Is the US Baby Formula Shortage Finally Taking a Turn?
Baby formula production has once again resumed at Abbott’s Michigan plant after months of delay. This is what we know and how we got here.
Parents across the nation are still struggling to find baby formula after a national product recall in February led to a months-long closure of the Abbott formula plant in Sturgis, Michigan.
The closure has kept store shelves bare, and caregivers panicked, as the search for proper infant nutrition has lingered. For many parents, the shortage has impacted their feeding journeys, their wallets, and their sanity.
Rachel Temple, a mom of 11-month-old twins in Connecticut, says she’s had to switch her twins’ formula a total of four times in the last few months. The transitions have been so stressful that she’s now switching her babies from formula to whole milk a month early.
The latest data shows that 43 percent of U.S. baby formula is still out of stock, with states like California, Missouri, Minnesota, Nevada, Montana, Louisiana, Arizona, and Utah experiencing shortage rates over 80 percent as of late May.
The shortage is particularly difficult for parents of children who have dietary restrictions and intolerances, such as a dairy allergy, or a preemie requiring a high-calorie formula. Ashley Benton, a single mom in Texas, knows this struggle all too well.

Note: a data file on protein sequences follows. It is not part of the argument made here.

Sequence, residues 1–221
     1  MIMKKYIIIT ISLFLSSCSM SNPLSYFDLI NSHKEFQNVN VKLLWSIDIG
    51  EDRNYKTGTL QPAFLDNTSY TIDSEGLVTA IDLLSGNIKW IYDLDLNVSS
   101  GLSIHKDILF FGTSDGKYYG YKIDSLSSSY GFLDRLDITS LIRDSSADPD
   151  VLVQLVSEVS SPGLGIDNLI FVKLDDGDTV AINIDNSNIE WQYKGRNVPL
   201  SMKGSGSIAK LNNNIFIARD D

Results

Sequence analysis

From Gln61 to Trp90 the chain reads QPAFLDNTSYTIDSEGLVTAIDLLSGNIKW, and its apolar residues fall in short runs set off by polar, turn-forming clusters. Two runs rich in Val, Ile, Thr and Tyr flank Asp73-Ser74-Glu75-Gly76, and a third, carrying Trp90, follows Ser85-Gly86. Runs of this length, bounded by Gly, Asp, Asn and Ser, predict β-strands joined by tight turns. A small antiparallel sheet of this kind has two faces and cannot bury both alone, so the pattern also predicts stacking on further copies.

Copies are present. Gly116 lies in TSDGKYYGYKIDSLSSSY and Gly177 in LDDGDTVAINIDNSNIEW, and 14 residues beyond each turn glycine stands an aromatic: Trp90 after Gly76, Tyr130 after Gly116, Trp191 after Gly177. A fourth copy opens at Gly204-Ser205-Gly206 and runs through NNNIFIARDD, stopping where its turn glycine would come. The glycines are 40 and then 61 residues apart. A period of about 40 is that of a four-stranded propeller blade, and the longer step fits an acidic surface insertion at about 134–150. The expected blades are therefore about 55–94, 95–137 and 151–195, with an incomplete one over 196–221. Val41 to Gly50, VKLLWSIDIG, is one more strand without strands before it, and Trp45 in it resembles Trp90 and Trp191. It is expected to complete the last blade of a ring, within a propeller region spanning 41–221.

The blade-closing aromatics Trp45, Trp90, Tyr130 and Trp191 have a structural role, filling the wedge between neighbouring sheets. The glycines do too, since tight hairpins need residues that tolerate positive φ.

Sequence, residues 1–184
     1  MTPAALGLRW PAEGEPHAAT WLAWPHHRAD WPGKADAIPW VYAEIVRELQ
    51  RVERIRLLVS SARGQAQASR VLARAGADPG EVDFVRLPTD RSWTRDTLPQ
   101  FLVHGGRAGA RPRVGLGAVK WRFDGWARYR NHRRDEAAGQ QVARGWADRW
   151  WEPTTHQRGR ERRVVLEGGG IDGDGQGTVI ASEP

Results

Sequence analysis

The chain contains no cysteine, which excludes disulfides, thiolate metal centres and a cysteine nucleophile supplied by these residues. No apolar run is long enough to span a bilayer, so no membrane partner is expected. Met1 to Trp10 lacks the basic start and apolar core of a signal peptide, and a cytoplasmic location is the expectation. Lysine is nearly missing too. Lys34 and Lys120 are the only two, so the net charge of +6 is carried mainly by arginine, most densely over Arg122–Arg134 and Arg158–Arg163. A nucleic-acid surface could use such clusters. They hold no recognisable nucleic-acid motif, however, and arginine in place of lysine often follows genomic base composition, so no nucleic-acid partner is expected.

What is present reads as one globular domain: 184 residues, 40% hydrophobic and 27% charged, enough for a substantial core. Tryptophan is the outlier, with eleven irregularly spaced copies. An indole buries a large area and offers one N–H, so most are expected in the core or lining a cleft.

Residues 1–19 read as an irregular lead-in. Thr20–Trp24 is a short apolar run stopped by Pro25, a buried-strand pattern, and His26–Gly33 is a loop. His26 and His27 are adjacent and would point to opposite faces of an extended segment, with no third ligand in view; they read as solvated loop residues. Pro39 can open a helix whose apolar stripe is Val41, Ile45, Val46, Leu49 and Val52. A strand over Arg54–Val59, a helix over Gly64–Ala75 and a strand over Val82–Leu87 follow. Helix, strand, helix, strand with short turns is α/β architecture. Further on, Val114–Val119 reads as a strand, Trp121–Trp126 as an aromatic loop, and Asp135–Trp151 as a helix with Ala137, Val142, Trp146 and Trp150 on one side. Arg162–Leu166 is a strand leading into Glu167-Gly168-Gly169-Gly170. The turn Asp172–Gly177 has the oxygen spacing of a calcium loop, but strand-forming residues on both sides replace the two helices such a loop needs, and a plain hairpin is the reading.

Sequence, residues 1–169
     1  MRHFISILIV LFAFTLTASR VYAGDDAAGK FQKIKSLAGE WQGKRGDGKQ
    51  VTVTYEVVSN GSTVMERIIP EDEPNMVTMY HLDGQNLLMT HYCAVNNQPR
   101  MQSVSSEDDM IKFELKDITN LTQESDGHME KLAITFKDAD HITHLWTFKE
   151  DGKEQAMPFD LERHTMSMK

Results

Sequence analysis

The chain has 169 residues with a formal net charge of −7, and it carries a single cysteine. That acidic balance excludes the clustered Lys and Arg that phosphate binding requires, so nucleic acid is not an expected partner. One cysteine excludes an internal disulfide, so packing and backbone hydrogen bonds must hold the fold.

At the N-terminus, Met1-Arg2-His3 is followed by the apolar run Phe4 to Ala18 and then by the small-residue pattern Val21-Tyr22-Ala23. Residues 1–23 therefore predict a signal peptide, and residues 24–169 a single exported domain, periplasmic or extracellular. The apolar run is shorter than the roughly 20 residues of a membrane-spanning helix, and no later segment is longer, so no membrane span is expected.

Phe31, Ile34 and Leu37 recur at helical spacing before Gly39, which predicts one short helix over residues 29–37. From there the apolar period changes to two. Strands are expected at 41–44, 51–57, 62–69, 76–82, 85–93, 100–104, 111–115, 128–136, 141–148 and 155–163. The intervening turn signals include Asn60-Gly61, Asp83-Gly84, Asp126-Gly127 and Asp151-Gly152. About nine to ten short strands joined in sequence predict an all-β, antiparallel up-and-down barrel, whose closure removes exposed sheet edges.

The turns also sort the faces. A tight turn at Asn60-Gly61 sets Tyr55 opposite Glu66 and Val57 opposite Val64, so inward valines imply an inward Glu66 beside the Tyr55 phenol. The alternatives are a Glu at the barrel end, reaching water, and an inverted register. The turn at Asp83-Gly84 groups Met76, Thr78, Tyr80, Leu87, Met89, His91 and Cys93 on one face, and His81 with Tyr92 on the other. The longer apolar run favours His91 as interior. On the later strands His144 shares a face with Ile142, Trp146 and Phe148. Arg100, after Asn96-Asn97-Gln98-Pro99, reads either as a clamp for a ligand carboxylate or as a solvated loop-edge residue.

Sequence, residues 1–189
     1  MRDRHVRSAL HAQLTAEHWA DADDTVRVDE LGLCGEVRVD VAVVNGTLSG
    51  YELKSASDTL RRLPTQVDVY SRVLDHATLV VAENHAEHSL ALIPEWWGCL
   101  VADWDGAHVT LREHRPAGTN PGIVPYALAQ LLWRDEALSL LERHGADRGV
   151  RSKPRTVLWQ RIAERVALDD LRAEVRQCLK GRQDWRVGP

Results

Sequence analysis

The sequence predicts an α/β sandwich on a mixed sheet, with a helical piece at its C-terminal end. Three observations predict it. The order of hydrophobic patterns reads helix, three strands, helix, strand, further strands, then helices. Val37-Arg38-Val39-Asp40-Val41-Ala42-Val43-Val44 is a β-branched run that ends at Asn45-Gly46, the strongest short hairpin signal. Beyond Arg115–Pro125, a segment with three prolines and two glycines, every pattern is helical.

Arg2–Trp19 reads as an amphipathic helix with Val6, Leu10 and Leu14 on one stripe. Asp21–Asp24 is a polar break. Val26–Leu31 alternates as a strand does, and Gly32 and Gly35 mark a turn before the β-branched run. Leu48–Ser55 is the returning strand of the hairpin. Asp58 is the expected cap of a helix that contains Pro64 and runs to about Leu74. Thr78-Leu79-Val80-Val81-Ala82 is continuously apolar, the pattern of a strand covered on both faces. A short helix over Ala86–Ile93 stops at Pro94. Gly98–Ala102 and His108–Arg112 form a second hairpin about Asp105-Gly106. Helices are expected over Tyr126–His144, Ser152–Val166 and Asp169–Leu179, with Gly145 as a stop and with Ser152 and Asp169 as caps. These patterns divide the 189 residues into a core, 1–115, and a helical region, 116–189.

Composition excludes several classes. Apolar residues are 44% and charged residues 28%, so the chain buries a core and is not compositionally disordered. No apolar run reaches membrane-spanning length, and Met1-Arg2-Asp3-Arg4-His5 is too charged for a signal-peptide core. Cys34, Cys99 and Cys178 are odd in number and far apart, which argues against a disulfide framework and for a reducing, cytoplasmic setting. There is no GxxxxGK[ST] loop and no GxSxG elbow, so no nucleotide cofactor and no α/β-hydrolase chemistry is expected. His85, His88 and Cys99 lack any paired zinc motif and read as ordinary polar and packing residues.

“As a single mother, I am on WIC. My son is on the most expensive amino acid formula on the market, totaling $850 a month. Needless to say, I cannot afford that. Since the shortage started, I can’t find the formula he was on, and the three different amino acid [formulas] I’ve switched him to have slowly become unavailable one after another. I’ve been paying out of pocket because WIC only approves the specialty formulas with a prescription, and my pediatrician can’t keep up with writing new prescriptions every week because I can’t find the correct formula. I’ve given up hope that I can find the formula he needs and decided to put him back on hypoallergenic formula. His tummy has been upset, but he’s not starving. This has been the most stressful thing of my life.”
This echoed reality in households across the country has many parents holding their breath for relief that may soon be within reach.